Al Gore realizes that considering his past praise of Microsoft, meeting behind closed doors will arise suspicions that he is either trying to help Microsoft using his current position, or promise support in the future if he will be elected, so to avoid being perceived as corrupt politician he demands to allow press at the meeting, and tries to avoid the whole issue of Microsoft troubles to be mentioned. Microsofties are trying to play along, however not being politicians they fail to realize that any mentioning of lawsuit will force Al Gore to either declare his support of Microsoft and be at risk of losing points in political battles, or declare the support of government in attempt to keep the image of "supporter of technology". So few dumbasses ask him about antitrust lawsuit, and Al Gore tries to play safe. Yet, not being smart enough to understand where he should switch into "I have no comment and no promises" mode, he gives in, and makes vague, stupid-looking promise to "do something about that" despite being in no position to do that.

Re:great whats next.. has sex with gates wife? (0)

Oms (16745) | more than 14 years ago | (#1529699)

On second thought, what with the current version of the Executive branch, it wouldn't surprise me at all. The Mrs. Gates/Janet Reno thing, that is. The White House has been quite keen on the subject of extramarital sex the past few years... :-)

Bush is nothing but a mouthpiece for business (0)

Anonymous Coward | more than 14 years ago | (#1529700)

Of course George W. would bail them out. He's proven nothing about himself other than he's a good crony for business. (And, well, he's really proven nothing else about himself, because he's so damn inarticulate. Let the money do the talking!) It just amazes me that there are still people in our country that 1) feel that businesses can do no wrong, 2) that businesses need no regulation because they can do no wrong and 3) business has our best interests at heart. Once Bush is coronated, we'll get exactly what we all seem to want. Greater loss of personal freedom coupled with the greater expansion of freedoms for business. By the time I'm sixty, I expect that every child in our country will be incorporated at birth, so that they can have some semblance of rights as a citizen.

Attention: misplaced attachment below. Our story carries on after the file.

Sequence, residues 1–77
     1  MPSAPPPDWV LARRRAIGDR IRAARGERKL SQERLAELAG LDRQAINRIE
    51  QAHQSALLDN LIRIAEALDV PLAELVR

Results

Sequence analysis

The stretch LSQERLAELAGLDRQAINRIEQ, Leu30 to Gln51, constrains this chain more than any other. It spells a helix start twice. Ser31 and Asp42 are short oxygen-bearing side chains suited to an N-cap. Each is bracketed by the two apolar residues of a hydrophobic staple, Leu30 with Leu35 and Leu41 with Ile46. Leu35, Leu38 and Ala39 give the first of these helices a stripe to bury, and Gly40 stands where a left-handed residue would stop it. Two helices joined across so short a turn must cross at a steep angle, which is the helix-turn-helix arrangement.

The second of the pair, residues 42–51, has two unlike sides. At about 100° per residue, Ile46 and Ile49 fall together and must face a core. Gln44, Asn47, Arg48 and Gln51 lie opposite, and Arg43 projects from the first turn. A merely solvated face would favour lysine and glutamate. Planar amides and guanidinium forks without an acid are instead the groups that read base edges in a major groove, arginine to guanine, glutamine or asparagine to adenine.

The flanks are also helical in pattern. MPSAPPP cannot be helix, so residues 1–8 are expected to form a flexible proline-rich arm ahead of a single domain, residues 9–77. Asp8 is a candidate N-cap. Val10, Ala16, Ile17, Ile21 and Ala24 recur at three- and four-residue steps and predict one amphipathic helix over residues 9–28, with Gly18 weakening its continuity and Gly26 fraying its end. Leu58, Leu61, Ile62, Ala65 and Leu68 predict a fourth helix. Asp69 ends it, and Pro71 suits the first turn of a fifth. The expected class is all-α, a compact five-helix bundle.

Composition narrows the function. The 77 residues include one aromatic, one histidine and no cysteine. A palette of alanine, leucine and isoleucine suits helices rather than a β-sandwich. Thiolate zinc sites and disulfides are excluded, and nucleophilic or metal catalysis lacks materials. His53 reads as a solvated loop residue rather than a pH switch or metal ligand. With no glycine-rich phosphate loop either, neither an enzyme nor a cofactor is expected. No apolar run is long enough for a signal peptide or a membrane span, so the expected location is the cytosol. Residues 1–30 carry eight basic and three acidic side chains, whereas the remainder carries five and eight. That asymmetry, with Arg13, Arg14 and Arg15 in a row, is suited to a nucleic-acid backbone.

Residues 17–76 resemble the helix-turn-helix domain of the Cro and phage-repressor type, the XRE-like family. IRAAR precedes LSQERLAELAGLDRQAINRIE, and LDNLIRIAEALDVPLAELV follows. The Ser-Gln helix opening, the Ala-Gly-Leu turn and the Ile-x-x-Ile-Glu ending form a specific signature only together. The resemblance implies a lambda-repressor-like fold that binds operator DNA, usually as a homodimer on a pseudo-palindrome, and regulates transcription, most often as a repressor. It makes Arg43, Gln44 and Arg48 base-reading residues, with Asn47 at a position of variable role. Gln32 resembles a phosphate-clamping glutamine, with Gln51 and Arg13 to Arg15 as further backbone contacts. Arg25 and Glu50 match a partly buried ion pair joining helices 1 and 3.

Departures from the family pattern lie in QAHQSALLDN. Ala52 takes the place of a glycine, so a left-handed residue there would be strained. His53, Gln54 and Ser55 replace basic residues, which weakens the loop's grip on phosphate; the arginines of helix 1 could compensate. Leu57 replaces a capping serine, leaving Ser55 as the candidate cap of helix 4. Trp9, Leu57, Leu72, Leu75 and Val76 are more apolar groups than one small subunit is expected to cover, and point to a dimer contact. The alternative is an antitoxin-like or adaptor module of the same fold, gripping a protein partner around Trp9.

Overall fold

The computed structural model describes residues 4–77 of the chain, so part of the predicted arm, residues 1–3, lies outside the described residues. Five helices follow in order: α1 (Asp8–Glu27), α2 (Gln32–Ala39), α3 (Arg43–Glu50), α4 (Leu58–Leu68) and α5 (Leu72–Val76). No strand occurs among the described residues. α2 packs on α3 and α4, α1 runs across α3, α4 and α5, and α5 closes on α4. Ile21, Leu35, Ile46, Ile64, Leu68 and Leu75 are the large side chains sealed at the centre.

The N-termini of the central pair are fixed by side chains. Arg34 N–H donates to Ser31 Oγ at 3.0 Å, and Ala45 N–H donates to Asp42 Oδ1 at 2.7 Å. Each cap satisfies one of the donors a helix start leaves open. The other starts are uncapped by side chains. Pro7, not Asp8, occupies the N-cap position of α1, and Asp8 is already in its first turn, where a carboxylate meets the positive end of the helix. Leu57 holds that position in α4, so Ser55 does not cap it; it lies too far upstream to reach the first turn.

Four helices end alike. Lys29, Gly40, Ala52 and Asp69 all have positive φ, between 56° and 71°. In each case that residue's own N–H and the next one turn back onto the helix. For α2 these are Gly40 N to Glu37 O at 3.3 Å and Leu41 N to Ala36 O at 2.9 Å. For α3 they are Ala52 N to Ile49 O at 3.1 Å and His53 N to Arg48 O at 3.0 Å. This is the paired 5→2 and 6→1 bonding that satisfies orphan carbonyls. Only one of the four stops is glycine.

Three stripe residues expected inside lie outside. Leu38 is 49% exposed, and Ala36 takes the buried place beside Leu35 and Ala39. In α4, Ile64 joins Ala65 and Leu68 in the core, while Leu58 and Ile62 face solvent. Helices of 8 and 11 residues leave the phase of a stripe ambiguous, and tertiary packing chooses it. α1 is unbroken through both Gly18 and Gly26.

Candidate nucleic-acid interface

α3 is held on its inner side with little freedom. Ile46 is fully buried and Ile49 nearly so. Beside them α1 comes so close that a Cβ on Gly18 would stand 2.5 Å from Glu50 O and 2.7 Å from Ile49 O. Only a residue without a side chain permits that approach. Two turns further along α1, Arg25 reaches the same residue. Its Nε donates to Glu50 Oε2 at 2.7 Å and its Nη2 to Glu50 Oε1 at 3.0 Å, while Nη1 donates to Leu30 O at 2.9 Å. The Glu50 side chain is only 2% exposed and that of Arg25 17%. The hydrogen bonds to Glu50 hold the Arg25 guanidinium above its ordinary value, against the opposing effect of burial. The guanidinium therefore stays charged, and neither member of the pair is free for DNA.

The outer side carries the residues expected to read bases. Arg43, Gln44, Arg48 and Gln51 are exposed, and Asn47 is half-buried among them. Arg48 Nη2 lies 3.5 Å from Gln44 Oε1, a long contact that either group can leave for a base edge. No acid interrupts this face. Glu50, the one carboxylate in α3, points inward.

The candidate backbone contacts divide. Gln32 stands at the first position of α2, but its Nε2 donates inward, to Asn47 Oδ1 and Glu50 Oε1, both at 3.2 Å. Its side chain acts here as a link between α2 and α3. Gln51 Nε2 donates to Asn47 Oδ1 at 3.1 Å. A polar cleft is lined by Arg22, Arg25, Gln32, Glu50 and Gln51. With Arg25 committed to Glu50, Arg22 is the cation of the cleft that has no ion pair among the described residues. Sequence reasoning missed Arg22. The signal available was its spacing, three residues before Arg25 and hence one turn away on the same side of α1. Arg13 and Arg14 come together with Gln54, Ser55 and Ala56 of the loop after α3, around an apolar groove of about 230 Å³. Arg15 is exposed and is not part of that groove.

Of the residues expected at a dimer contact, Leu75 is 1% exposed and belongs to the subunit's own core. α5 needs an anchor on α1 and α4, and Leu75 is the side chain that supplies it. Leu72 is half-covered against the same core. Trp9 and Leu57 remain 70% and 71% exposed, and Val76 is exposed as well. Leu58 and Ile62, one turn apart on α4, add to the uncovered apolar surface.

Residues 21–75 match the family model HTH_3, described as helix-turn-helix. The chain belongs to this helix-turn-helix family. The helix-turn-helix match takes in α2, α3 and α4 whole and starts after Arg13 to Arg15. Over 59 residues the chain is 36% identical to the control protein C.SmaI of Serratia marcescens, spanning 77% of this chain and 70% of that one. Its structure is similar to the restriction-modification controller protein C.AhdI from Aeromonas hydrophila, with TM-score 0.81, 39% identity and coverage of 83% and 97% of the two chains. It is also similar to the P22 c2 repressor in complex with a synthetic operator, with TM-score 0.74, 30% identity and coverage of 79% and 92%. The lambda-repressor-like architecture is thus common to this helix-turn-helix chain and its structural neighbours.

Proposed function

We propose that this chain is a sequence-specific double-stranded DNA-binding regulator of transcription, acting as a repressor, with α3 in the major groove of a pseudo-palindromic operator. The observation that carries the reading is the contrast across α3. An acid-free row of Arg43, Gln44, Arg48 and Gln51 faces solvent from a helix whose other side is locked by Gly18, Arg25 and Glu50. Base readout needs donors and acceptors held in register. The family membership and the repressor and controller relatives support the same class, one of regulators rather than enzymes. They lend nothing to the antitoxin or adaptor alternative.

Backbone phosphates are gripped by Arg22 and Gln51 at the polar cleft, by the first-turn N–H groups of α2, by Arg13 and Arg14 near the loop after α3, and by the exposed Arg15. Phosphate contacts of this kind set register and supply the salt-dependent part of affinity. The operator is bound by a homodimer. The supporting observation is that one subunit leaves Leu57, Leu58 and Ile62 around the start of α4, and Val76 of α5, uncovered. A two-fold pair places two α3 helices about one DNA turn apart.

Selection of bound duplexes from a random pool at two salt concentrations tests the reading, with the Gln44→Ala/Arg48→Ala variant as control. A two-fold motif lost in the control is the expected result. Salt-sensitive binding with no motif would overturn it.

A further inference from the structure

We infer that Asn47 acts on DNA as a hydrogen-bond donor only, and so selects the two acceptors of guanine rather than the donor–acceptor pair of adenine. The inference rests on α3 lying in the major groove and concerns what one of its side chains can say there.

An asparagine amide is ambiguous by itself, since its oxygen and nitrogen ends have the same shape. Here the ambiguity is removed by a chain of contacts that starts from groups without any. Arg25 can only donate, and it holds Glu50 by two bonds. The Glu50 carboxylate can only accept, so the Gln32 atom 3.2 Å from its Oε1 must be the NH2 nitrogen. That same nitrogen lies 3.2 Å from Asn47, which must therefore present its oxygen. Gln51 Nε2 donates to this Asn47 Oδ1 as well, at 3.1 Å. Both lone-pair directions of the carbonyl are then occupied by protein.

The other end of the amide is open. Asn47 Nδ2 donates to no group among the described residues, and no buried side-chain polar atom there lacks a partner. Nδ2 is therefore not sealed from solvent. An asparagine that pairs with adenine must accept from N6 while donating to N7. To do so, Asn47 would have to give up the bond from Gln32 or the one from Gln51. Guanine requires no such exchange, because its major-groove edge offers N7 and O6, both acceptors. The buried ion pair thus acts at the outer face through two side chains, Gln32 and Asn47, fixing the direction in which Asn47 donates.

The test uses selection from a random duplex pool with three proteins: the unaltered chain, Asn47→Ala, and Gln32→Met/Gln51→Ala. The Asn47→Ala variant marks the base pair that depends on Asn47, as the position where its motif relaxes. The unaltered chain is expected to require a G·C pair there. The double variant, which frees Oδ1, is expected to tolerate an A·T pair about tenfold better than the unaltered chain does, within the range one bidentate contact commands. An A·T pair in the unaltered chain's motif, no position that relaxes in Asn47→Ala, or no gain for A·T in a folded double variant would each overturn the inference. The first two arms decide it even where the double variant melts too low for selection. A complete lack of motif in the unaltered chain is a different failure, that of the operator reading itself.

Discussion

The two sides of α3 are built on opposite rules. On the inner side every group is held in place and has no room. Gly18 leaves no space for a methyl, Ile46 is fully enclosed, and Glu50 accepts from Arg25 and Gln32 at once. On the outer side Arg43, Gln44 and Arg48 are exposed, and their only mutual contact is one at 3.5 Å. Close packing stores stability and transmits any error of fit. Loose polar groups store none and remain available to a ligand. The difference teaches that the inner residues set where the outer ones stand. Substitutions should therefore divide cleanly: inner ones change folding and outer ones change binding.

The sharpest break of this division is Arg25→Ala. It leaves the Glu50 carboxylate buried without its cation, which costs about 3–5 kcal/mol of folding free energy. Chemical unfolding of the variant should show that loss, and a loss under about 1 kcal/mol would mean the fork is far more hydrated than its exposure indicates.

Re:Violence is never right (0)

Anonymous Coward | more than 14 years ago | (#1529701)

The number of "votes" is irrelivent; M$ made it right by their own actions - they deserve to get back some of what they've dished out for the last ten years.


From the newsroom (2)

Zoltar (24850) | more than 14 years ago | (#1529702)

AP Newswire - 11/16/1999 - Microsoft purchases the rights to Pokemon

In what can only be described as a bizarre transaction today Microsoft announced they have purchased the rights to Pokemon, which will be renamed to microsoft-e-mon.
A very happy Bill Gates had this to say about the announcement: "We are thrilled to own the rights to Pokemon. We have been looking for a way to help children to learn about Microsoft at a very early age and we feel this will be a terrific avenue for them. At Microsoft we have always focused on our customers and innovated to meet there needs, this acquisition fits well with our strategy. God Bless America !"

An official spokesperson for Microsoft talked further about Microsoft's strategy for microsoft-e-mon. "All microsoft-e-mon toy figures will now be bundled with the state of the art browser IE5. We have always felt that children of all ages could benefit from our internet innovations, we look forward to being an integral part of the formative years of all children." The spokesman continued, "In an effort to teach children to be responsible and innovative we will also be charging a $5 per month licensing fee for all microsoft-e-mon toys. This nominal fee will help kids to learn about part time jobs and making monthly payments, skills which will benefit them as they become adults. At Microsoft we love children and are thrilled to finally be able to help them. God Bless America"

it's an election year. (1)

lophophore (4087) | more than 14 years ago | (#1529703)

Of course AlGore wants to get involved. First he will figure out which way the popular wind blows, then he'll adopt that as his platform. He doesn't care about "the right to innovate" any more than the right to operate in a balanced, free market, without getting squished like a bug. He just wants to be president.
there are 3 kinds of people:
* those who can count

Re:Calling a spade an fscking shovel (1)

fwr (69372) | more than 14 years ago | (#1529704)